Jazz CD Reviews

Ivo Perelman, Joe Morris, Balázs Pándi – One – RareNoise

Three free spirits explore intense music which more or less fits under the free-jazz umbrella.

Published on January 19, 2014

Ivo Perelman, Joe Morris, Balázs Pándi – One – RareNoise RNR034, 52:28 [10/1/13] ***1/2:

(Ivo Perelman – tenor saxophone; Joe Morris – electric bass; Balázs Pándi – drums)

The RareNoise label (which has distributed projects by Brainkiller, Buckethead, and Harold Budd) was founded in late 2008 to provide a space for musicians, and listeners, who consider musical genre boundaries unnecessary. Saxophonist Ivo Perelman, drummer Balázs Pándi, and electric bassist Joe Morris (the trio who perform on the 52-minute album, One) certainly fit into that specification. Since his debut as a leader in 1989, tenor saxophonist Perelman has tirelessly and prolifically delivered recordings typically typecast as free jazz, which have had small commercial impact while always showing his passion and depth as composer, improviser and player. Joe Morris is an adventurous guitarist, who in recent years has often switched to bass, has led his own groups, and recorded with William Parker, Bill Laswell and others. Hungarian-born drummer Balázs Pándi has worked and toured with various acts, in a multitude of genres including noise, experimental, free improvisation, free jazz, metal, and grind. In early 2013 he took part in a trio record with noise creator Merzbow and saxophonist Mats Gustafsson which sparked some interest among both free improv and noise fans. One was issued as vinyl, compact disc and digital download. This review refers to the CD version.

The record opens seemingly in mid-jam on the aptly titled “Freedom.” The abrupt start appears to put the listener right in the midst of a careening, improvised collaboration, with Perelman’s honking and squeaking tenor sax, reminiscent of Albert Ayler, Morris’ potent bass and Pándi’s invective percussion. While the rhythm section supplies devastated bursts of bass notes and crashing cymbals, Perelman is clearly in the center foreground because the mix places him aurally upfront, while bass and drums lie further in the background. This sonic arrangement continues on the second cut, “What Love Can Lead To,” which is more subdued than other pieces. Here, Perelman reels out more discreet saxophone passages, although he creates textures which are decidedly external to traditional jazz territory, nearer to Ornette Coleman than Stan Getz. Morris’ molten bass lines and Pándi’s singed polyrhythmic aerobics are also somewhat moderated. The last minute of “What Love Can Lead To” shifts into a twilight course where sax becomes quieter and quieter until just a breathy whisper is heard, as the drums become dominant. The title track is mostly a capacious duet between Morris and Perelman and includes tense brackets of sax lines, bass phrases, and free jazz/bop expressions. At times, Perelman infuses ghostly melodies into the tune’s design, while bass and drums form a primary but unrestricted foundation: there’s no plan or strategy, but there is a cohesive logic even when the threesome display no sense of constraint.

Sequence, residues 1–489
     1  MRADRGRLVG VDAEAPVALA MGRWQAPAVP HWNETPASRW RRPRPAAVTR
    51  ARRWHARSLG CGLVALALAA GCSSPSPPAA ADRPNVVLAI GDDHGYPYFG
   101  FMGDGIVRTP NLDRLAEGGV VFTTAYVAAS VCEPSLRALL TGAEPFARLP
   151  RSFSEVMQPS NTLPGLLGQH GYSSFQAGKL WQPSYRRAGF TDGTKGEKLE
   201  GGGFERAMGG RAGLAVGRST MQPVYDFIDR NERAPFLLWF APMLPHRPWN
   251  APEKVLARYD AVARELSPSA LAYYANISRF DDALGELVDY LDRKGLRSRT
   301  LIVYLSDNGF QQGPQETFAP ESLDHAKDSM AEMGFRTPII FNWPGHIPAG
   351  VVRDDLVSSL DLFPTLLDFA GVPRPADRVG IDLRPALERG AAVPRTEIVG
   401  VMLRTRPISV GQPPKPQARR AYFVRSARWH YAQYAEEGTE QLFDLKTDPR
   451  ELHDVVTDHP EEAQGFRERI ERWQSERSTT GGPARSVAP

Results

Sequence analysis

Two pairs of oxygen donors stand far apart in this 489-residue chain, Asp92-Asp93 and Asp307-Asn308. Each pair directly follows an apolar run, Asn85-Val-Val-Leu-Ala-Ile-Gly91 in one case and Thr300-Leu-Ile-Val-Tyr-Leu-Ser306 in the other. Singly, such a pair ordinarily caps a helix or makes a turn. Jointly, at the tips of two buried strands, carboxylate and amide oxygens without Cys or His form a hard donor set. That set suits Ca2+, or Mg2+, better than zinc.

The trio escalates the atonality on the final two numbers. The almost ten-minute “Universal Truth” is kindled by Perelman’s propulsive sax, while Morris contributes a high, dashing bass groove. There is a muscular authority throughout, as the three artists hit maximum velocity, heightened by Pándi’s electronic- esque drum soloing (at one point he generates a drum machine-like rapidity); Morris’ avant-garde saxophone input; and layers and segments outside even standard free-jazz sprees. The album’s magnum opus is the 17-minute closer, “Stigma,” where everything presented on the previous pieces coalesce, come apart, come together, melt, mix, blend, and break apart again. It’s a distillation and a scattering of enthusiasm, modernism, and intensity. While the music on One is neither particularly innovative nor perfectly distinctive, those familiar with Morris and Perelman’s preceding works should find plenty to discover and appreciate, while others may not empathize or be partial to this tempestuous nonconformity. One is obviously not for neophytes.

TrackList: Freedom; What Love Can Lead To; To Remember What Never Existed; One; Universal Truth; Stigma.

—Doug Simpson




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